SENIOR17IS: Motivation is lost as graduation approaches
“I turn some things in—enough to get a passing grade—but for the most part, I try to slack off wherever I can, because it doesn’t matter as much,” senior Rohan Dash said.
Each year, seniors slowly develop senioritis as their final high school year comes to an end. Senioritis is a “disease” that is characterized by a lack of motivation and continuous absences from school.
Like others in her class, senior Darcy McGregor has experienced senioritis this year. She will attend N.C. State in the fall and will be in the Women In Science and Engineering program. She plans to major in applied mathematics.
“I still make a point to keep my grades good,” McGregor said. “I’m not striving for perfect A’s, however—I am trying to maintain a B [average]. There will be times when I turn in stuff late or I will half-ass it pretty much. There have been a few assignments that I haven’t turned in.”
Senior Zoe Kaegi wishes her teachers would give their students a little break during second semester.
“I’m not even trying to be a lazy student, but sometimes [teachers] need to give children a day to chill out before their brains explode,” Kaegi said. “Because that is where I am at right now—my brain is on the verge of exploding.”
American History teacher Melissa Hayden teaches mostly senior students. She believes that seniors realize that they need to pass their classes for the final semester in high school.
“Ultimately, you are still in school, and you still have responsibilities,“ Hayden said. “Even though kids go through senioritis, they get that and they pick that up, because you have to finish out your year. You don’t have to finish completely strong, but you do have to finish.”
Dash’s grades have dropped since last year, when he had 90s in most of his classes. This year, he has continued to take AP and honors classes. He believes that his grades this semester will not affect his admission into N.C. State.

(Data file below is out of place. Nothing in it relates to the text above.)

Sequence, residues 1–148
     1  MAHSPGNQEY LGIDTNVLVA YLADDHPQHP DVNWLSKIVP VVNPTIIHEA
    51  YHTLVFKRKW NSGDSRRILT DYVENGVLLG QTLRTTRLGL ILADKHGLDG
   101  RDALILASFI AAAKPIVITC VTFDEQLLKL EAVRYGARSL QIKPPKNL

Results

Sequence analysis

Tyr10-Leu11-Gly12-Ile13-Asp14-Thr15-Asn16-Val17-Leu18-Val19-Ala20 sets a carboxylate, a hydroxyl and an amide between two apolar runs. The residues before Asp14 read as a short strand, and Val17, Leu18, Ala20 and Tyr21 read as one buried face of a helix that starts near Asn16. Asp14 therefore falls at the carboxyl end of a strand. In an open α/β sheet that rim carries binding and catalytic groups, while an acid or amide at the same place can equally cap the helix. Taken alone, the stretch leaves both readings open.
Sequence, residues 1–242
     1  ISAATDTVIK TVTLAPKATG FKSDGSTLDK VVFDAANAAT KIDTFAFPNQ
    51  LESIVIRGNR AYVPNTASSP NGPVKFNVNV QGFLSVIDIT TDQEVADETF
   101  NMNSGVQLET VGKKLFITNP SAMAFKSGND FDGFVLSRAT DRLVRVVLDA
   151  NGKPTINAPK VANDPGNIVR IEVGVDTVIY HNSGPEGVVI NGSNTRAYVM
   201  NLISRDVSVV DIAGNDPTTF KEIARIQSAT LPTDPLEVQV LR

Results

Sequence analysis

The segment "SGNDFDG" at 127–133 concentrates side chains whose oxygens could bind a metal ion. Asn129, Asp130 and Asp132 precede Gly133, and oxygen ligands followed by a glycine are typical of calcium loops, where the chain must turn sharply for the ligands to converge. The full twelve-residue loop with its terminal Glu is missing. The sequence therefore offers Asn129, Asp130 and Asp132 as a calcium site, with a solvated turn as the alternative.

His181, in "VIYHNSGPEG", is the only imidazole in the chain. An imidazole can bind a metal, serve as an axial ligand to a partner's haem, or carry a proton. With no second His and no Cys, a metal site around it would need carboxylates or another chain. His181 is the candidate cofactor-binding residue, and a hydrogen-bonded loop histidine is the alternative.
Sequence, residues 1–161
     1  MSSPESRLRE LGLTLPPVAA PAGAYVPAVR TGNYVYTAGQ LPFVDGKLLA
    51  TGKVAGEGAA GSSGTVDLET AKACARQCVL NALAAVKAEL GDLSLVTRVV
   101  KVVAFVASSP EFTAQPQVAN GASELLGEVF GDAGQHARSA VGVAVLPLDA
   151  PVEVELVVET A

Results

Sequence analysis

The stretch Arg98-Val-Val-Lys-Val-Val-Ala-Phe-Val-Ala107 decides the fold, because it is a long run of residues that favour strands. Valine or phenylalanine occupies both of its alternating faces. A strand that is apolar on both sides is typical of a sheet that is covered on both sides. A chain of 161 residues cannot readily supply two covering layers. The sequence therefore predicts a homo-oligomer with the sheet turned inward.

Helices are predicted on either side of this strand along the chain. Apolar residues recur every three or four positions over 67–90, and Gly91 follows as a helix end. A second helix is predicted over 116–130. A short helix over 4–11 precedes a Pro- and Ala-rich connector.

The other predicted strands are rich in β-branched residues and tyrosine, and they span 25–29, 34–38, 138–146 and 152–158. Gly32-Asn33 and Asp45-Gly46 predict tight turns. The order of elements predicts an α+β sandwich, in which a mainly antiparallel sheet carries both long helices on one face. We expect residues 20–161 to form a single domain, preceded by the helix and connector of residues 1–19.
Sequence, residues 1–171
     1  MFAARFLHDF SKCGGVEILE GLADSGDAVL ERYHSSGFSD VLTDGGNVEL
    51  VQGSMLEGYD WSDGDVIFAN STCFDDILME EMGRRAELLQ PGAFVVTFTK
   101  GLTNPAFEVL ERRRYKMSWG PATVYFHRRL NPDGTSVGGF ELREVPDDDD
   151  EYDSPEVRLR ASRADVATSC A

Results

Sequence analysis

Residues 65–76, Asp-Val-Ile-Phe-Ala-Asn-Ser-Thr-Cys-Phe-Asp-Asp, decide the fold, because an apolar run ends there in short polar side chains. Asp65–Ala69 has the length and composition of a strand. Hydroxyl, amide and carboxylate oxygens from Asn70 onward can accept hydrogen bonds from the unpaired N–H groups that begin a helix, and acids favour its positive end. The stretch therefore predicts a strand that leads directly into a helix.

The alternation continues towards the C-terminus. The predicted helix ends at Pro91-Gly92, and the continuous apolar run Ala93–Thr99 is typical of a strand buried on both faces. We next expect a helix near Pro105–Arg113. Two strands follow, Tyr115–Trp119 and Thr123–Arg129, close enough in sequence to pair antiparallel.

“It makes me feel like anything I do now doesn’t really matter as much,” Dash said. “Because if it is not going to affect my record as long as I keep going to N.C. State, then what difference does it make whether I make a C or an A?”
Kaegi will also attend N.C. State and plans to major in Biomedical Engineering. She says that she is not bothered by having lower grades than last year.
“I don’t really care,” Kaegi said. “I don’t really notice it either. It is hard to tell if I am just taking really hard courses… or if I am just being lazy.”
McGregor believes that the hardest part of second semester is completing her homework outside of school.
“Especially in the spring semester, [my motivation] has died,” McGregor said. “I dread doing homework. I put it off, and I typically end up doing my homework—if I do it at all—in my online class first period.”
AP Statistics and Discrete Mathematics teacher Jennifer Parks allows her students to pick the topic for their project at the end of the year, which she says keeps them motivated. She also gives her students candy to keep them invested in class.
McGregor has a few teachers who gave less busy work this semester to help seniors stay motivated.
“Some teachers will continue giving the work, just because they expect you to keep giving, even though you are pretty much done,” McGregor said. “Other teachers will understand, and they will talk to you about it. They will ask you if you want to do it, and if the class says no, then [the teacher] will just say, ‘Okay, we will do less of the [busy] work and more actual learning.’”
Hayden keeps her students motivated by giving her students small group projects so they can talk and enjoy being at school. She notices a decline in her senior students’ motivation as the weather becomes warmer.
“As the weather gets nicer, that is what changes motivation,” Hayden said. “Even this group in the beginning was very motivated, but then it seems to be as it gets nicer out, the motivation goes away. But also after spring break too, which is a really nice time to have to be refreshed, it is a downhill turn from there.”
– By Sarah Helen Shepherd